Early on in the Renaissance, artists began the ascent to the lofty status they now assume. In Europe until that time their fees were the same as any artisan — materials plus labour. A magical quality came to be invested in artists, who gradually took the heroic place of the courtly warriors of mediaeval romance. Egos swelled in accordance: just look at Michelangelo’s candid estimation of his own talents. Of course, he was right — he was one of the most gifted individuals ever to strut the earth — and egocentric work belongs in an egocentric culture. And that we certainly have.
Europe has contributed the advantages and disadvantages of individualism to the world. Sociologists say that to the present day the Asian emphasis on family is much greater than our own. Non-european art also lacks the focus on painting and sculpture, or even the notion of high art. Marvellous Islamic calligraphy and architectural decoration, for instance, is underrated as a consequence. We have been taught to exalt the individual talent, the individual expression, in the plastic arts. At the extreme this means that once the Rembrandt Committee have ruled that a painting is no longer a Rembrandt, but the work of a pupil, it plummets in price. Same painting, as fine as it ever was, but the value belongs to the creator, not the work.
During the twentieth century, many high-minded individuals challenged this individualism. Among artists, Mondrian is perhaps the best known. Following the strange spiritual discipline of a Theosophical offshoot, he created neo-plasticist art: painting should be reduced to the three primary colours and white, set out as rectangles divided off by black lines. In the next generation, several Op artists followed a similar idea — painting should no longer be a refined skill, available to the few, nor an expression of individuality. No Theosophist, but gifted with a socialist conscience, Victor Vasarely determinedly created surfaces that might have been painted by anyone able to apply masking tape. Bridget Riley’s work is designed and signed by her, but painted by apprentices.
I applaud the noble aims of such art, of any art, and at times enjoy its productions (not so much the Mondrian, I must admit), but theory has tended to lead art by the nose these last hundred years. I am all for a decent chat about the virtues of this or that approach, but agree with both Cézanne and Picasso that talking about art has little to do with making art. It didn’t stop either of them from jabbering endlessly at every opportunity, but an art where apprentices simply fill in the masked portions left by theory becomes pretty dull (did I mention Warhol’s Factory?).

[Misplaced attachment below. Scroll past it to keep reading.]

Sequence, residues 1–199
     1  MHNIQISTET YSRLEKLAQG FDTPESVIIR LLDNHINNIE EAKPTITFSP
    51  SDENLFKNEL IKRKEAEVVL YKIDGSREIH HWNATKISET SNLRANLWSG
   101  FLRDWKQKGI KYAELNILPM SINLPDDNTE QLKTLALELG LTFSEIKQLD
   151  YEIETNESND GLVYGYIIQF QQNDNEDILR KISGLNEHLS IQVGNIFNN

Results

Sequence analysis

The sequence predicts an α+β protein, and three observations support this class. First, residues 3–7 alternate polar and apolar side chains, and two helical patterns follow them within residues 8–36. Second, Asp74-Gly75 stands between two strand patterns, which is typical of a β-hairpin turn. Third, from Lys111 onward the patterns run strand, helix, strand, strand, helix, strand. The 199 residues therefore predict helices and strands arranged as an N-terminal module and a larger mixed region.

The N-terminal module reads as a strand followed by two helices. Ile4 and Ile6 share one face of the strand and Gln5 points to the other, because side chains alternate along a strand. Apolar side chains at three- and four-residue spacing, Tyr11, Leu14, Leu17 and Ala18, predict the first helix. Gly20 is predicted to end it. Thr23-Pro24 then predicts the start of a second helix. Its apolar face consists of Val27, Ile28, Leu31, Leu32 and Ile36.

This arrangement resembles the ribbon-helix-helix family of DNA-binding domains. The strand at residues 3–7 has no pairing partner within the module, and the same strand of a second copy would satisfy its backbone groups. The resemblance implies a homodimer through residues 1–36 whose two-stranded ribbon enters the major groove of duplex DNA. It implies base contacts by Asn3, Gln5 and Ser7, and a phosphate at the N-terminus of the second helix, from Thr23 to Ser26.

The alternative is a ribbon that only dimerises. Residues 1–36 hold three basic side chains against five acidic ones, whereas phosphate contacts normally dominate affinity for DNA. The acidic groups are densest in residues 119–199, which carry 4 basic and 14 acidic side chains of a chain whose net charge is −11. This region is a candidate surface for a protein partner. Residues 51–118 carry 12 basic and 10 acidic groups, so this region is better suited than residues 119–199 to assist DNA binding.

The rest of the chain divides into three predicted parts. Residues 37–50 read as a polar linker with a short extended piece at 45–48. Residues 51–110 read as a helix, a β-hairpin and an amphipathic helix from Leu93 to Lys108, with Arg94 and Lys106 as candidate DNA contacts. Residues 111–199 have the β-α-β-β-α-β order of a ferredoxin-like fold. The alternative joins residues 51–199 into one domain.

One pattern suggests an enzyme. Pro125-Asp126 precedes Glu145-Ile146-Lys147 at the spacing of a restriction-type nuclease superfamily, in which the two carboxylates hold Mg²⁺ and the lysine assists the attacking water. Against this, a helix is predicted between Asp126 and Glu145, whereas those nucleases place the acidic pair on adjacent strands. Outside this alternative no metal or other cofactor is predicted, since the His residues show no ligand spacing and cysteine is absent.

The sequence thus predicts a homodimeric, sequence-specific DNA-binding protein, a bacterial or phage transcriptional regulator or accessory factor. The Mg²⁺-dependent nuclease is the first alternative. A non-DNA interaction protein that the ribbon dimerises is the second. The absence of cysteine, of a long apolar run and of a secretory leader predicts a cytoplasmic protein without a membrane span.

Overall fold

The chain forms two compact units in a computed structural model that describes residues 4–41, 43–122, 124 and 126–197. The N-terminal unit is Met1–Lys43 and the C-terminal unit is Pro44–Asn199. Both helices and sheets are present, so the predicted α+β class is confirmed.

Art is usually caught up in the theology or philosophy of its times. Surrealism was a homage to Freud (who detested it). Darwin and Marx had a tremendous impact not only on thought but also upon culture. Relativity, quantum theory and the hunting of the quark have taken longer to trickle into the arts, perhaps because they demand deep mathematical knowledge for true comprehension. But, even taking the implications of a simple understanding, there is much to be learned from these disciplines, and their impact upon individualism. Advances in psychology and neurology have also opened new realms for exploration.
Rather than reducing art to the level of everyman, perhaps it is possible to make an art that celebrates the indiviuality not only of the artist but also of the audience? Maybe this can be achieved through audience participation — interactivity — but another way of shifting the ego-centre comes with the realization that art exists at the interface between the artist and the viewer. Beauty truly is in the eye of the beholder: the mind’s eye.
At college, I painted a little oil called Strings in the Earth and Air and put it on my living room wall. Given my exultation in pure colour, it seems rather dull now, but it strives upwardly in a pleasant enough way. One fellow student assured me that it was a vision of hell. A week later, and with no prompting, another smiled and said it was paradise. So what would each see in a Rembrandt?
Painting abstractly does allow the onlooker more leeway. Seeing Samson having his eye poked out by Rembrandt rather limits the response (except of course in sadists). But with Rembrandt the mind readily separates from the subject matter into the mystical realm of aesthetic appreciation. I enjoy providing a surface that will continue to be worked upon by the viewer. It began accidentally. I was playing with painting. I had given up trying to fathom Titian, and was just smearing the oils onto a board. I realized that no dull intermixtures resulted if I restricted myself to greens and yellows (I was very young, barely 22). To my surprise, I could see a face in the finished picture, and then a figure. I sold the painting by asking a friend to look at it for ten minutes. He too saw images, and paid my eminently reasonable asking price.